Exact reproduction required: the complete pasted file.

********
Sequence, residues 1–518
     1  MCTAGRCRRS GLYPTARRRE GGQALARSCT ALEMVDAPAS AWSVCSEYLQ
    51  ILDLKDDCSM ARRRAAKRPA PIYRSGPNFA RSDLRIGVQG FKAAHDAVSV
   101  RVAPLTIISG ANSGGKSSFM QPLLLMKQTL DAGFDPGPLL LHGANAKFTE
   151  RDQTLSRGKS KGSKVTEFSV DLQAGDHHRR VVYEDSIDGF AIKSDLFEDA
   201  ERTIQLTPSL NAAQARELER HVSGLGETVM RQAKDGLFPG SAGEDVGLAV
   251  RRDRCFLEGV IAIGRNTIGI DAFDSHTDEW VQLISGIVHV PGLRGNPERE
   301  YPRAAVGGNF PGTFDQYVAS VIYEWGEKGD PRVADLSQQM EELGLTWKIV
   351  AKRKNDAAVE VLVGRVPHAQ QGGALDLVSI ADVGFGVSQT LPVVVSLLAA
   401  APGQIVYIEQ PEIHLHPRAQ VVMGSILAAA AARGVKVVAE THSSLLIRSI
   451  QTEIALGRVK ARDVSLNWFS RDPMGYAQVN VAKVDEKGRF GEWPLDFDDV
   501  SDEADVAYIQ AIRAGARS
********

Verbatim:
Sequence, residues 1–518
     1  MCTAGRCRRS GLYPTARRRE GGQALARSCT ALEMVDAPAS AWSVCSEYLQ
    51  ILDLKDDCSM ARRRAAKRPA PIYRSGPNFA RSDLRIGVQG FKAAHDAVSV
   101  RVAPLTIISG ANSGGKSSFM QPLLLMKQTL DAGFDPGPLL LHGANAKFTE
   151  RDQTLSRGKS KGSKVTEFSV DLQAGDHHRR VVYEDSIDGF AIKSDLFEDA
   201  ERTIQLTPSL NAAQARELER HVSGLGETVM RQAKDGLFPG SAGEDVGLAV
   251  RRDRCFLEGV IAIGRNTIGI DAFDSHTDEW VQLISGIVHV PGLRGNPERE
   301  YPRAAVGGNF PGTFDQYVAS VIYEWGEKGD PRVADLSQQM EELGLTWKIV
   351  AKRKNDAAVE VLVGRVPHAQ QGGALDLVSI ADVGFGVSQT LPVVVSLLAA
   401  APGQIVYIEQ PEIHLHPRAQ VVMGSILAAA AARGVKVVAE THSSLLIRSI
   451  QTEIALGRVK ARDVSLNWFS RDPMGYAQVN VAKVDEKGRF GEWPLDFDDV
   501  SDEADVAYIQ AIRAGARS